How can the telecoms industry block the account takeover threat?

Telecoms.com periodically invites third parties to share their views on the industry’s most pressing issues. In this piece Roberto Valerio, CEO of anti-fraud specialist, Risk Ident, explores the challenge of identity theft in the telecommunications sector, and explains how companies can cut off the fraudsters before they do damage.

Identity theft used to be something that only worried banks, insurers and financial institutions. Over the past several years, however, the threat has expanded to other critical industries, including the mobile telecommunications space.

So widespread is the issue of identity theft that it is now reaching epidemic levels. In 2016, for example, 1.4 billion data records were exposed in nearly 1,800 security breaches worldwide. In September 2017, the network security system of U.S. credit bureau Equifax was breached, compromising the personal data of 143 million consumers.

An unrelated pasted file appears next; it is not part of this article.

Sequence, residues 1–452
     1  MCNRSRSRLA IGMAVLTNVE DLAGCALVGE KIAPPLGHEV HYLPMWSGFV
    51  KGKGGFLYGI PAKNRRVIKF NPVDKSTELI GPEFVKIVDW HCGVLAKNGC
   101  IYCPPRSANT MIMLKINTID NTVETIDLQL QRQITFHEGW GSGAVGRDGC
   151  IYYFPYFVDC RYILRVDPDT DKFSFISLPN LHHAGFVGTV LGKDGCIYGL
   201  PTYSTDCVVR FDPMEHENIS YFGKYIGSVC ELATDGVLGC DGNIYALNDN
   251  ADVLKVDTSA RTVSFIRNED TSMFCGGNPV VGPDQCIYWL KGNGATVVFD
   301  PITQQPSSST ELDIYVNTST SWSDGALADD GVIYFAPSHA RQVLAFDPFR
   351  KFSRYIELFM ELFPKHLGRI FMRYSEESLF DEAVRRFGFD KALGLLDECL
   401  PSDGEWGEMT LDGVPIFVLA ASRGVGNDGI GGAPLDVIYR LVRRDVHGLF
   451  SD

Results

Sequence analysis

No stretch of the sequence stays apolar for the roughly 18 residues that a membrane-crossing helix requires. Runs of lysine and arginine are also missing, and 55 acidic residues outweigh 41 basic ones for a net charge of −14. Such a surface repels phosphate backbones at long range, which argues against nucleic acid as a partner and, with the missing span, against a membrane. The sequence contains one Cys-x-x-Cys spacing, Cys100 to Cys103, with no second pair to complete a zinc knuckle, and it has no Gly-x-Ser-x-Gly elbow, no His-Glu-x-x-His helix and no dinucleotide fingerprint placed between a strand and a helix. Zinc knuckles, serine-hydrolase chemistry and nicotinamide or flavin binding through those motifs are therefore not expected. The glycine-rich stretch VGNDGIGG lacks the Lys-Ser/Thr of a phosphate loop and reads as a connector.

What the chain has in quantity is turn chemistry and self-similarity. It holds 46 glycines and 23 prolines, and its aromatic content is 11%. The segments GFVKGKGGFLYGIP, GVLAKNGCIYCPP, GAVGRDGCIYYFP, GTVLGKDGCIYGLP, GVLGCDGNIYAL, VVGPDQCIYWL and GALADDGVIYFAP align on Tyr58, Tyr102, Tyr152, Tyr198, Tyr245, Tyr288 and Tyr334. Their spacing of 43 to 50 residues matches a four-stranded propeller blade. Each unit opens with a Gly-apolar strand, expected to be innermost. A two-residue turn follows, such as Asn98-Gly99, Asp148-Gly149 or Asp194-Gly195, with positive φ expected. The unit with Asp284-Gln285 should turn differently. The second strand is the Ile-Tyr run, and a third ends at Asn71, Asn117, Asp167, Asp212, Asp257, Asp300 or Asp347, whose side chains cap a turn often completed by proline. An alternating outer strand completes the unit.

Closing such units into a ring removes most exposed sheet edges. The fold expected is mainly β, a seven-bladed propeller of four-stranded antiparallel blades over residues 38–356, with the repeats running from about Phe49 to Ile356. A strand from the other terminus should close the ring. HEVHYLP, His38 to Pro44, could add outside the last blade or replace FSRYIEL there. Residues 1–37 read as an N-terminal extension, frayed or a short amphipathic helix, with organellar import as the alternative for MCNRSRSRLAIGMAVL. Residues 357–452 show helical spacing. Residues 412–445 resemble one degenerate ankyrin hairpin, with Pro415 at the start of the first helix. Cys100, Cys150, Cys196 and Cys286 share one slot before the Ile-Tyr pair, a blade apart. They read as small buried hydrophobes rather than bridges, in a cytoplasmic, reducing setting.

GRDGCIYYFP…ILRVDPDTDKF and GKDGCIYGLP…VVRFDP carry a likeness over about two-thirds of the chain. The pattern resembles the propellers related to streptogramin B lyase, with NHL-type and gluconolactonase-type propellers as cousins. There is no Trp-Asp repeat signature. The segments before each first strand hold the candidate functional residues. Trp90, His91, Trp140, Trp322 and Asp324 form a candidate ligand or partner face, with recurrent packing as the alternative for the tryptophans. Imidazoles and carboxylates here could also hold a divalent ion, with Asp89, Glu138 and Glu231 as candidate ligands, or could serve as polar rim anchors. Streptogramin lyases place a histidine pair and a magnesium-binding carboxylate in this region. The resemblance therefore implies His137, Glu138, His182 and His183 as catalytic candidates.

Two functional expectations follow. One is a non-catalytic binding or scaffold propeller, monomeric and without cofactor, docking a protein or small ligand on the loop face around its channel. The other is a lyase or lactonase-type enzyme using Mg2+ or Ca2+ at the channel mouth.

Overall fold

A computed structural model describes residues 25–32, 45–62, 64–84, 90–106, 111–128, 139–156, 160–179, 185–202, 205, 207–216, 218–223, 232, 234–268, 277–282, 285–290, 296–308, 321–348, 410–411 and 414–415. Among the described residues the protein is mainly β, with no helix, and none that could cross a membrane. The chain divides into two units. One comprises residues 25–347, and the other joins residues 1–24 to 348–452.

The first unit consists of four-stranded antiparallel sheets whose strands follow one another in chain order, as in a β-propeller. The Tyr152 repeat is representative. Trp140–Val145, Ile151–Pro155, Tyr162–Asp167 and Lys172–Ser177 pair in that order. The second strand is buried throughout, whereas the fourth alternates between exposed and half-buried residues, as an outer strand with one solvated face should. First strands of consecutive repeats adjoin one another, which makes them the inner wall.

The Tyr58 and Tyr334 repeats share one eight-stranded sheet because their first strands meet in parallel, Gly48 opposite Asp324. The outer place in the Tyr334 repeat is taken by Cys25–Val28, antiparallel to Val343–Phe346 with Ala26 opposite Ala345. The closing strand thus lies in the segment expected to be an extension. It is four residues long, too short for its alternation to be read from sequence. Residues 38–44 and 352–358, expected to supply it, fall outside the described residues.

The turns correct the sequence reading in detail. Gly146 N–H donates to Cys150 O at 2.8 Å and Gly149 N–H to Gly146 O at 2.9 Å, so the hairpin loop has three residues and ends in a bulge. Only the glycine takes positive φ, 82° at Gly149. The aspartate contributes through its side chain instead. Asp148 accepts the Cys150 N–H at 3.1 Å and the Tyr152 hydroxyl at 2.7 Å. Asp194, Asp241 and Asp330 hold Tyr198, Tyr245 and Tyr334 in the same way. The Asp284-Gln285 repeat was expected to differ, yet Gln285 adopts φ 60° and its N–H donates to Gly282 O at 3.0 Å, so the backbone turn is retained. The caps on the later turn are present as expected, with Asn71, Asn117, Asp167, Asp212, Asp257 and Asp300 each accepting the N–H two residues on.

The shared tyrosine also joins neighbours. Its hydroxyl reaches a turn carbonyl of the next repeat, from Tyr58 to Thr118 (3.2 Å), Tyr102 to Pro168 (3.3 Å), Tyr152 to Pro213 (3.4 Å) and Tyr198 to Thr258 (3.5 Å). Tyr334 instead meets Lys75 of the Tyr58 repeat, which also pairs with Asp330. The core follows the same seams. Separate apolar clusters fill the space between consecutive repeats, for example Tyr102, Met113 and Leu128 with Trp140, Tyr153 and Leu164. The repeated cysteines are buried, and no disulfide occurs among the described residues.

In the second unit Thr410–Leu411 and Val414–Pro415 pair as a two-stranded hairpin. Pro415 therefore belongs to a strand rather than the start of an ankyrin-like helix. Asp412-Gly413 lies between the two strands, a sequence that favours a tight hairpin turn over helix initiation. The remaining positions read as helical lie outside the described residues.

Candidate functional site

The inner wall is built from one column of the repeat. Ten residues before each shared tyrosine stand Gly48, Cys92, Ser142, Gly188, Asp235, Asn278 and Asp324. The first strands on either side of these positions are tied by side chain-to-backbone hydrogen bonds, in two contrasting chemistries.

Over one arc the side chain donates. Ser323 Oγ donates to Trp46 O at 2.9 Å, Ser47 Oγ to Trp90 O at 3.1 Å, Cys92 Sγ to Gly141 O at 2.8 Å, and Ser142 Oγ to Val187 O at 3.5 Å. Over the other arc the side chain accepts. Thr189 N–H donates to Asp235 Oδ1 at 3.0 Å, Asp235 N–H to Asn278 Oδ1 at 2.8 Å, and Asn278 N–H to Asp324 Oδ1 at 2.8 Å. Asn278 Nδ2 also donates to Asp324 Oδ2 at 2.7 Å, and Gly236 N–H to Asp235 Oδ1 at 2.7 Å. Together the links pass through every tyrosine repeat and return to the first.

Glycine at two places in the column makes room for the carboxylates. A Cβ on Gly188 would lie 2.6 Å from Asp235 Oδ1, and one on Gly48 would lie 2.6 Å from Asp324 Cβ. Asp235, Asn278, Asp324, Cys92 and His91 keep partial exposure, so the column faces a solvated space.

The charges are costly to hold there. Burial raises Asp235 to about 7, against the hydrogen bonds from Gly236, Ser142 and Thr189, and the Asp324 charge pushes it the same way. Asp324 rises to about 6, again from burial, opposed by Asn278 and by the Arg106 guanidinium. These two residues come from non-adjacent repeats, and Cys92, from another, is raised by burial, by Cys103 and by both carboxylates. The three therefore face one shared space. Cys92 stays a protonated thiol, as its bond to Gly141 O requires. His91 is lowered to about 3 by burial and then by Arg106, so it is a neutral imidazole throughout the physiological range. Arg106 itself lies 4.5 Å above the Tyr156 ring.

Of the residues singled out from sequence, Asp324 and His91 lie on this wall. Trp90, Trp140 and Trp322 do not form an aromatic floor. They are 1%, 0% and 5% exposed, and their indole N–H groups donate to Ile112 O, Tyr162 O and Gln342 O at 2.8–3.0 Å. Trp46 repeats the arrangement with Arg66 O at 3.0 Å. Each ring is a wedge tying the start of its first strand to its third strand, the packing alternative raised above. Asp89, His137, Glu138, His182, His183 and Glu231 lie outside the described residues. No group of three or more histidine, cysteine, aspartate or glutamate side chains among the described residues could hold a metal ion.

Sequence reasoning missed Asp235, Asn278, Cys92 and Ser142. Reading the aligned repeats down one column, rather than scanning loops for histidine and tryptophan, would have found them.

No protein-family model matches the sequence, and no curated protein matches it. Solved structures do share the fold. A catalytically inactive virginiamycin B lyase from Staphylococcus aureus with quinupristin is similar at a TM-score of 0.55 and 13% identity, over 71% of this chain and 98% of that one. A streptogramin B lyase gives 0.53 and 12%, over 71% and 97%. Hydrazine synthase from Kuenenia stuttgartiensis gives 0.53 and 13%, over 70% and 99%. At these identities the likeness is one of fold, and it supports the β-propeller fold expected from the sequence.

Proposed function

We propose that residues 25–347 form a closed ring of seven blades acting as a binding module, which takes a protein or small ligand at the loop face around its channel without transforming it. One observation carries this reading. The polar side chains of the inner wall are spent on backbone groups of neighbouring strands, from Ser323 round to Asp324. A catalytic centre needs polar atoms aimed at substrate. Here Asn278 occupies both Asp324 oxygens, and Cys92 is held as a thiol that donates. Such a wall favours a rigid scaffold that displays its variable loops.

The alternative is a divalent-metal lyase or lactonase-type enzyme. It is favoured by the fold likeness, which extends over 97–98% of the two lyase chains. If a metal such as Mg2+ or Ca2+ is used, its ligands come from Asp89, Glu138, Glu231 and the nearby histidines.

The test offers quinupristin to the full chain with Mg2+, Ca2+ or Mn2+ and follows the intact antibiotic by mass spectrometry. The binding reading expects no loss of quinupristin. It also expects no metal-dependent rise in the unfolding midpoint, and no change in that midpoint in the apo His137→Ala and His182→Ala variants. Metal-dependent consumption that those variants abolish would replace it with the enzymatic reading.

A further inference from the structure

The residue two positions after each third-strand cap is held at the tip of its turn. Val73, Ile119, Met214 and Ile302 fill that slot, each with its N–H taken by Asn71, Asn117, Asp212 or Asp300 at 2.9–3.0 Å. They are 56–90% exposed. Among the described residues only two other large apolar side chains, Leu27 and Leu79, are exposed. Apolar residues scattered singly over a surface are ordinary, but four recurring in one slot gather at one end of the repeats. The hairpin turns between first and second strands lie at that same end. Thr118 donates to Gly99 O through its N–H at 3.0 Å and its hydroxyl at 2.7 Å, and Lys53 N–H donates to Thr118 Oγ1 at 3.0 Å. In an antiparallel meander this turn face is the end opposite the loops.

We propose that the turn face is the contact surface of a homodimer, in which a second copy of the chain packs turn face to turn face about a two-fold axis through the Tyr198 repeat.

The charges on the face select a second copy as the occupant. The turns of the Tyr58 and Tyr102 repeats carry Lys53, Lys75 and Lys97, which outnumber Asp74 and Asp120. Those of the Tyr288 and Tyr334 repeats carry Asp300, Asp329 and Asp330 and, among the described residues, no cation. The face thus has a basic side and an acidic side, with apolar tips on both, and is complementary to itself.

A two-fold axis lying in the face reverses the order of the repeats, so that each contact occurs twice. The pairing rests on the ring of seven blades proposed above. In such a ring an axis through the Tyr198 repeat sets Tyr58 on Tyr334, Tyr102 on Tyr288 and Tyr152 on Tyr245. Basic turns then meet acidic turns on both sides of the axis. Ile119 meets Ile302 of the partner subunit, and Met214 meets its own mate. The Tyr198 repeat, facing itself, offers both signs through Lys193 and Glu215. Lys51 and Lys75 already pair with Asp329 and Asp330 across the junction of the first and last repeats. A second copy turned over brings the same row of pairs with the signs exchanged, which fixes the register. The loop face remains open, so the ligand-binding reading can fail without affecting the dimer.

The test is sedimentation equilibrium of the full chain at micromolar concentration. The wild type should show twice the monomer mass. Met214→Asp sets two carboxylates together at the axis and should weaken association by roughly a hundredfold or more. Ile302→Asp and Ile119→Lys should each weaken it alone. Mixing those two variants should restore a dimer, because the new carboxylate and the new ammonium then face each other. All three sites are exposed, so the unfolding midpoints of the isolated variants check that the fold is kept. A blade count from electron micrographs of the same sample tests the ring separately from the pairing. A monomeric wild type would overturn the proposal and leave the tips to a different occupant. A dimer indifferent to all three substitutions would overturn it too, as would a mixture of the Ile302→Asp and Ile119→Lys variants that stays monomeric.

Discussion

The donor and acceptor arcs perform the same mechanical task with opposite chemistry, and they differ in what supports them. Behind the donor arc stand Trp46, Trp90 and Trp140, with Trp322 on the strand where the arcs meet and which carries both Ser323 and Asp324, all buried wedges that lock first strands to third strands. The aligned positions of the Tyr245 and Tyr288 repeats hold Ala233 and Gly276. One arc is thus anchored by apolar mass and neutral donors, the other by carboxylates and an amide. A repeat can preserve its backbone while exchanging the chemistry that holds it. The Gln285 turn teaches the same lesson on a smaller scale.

The UK company TalkTalk was hit with a record £400,000 fine in October 2016 for the cyber attack in 2015 that placed the personal details of more than 150,000 customers in the hands of criminals.

The issue with these data breaches is what criminals do with the information afterwards. Once identity data has been stolen, fraudsters create new accounts online – or worse – use the personal information to hijack existing accounts. They can masquerade as a legitimate user and hide behind their good history to make fraudulent purchases – this “account takeover” threat is rising fast.

Mobile telecoms is at particular risk